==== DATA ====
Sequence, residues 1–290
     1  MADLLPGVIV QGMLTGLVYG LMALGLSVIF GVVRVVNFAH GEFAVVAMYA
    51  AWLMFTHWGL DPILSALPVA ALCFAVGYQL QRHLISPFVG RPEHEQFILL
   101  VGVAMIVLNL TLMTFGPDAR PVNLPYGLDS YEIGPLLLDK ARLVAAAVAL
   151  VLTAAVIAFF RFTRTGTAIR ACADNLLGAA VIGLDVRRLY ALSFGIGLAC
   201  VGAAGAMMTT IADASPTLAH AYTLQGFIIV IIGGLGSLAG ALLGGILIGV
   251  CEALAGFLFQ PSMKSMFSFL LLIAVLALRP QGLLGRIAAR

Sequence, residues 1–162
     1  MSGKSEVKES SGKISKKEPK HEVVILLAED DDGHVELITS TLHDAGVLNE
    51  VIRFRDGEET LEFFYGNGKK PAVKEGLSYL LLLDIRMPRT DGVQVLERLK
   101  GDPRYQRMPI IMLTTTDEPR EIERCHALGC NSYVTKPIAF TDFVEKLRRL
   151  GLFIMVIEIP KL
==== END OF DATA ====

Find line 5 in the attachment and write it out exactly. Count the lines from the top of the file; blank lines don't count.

   151  VLTAAVIAFF RFTRTGTAIR ACADNLLGAA VIGLDVRRLY ALSFGIGLAC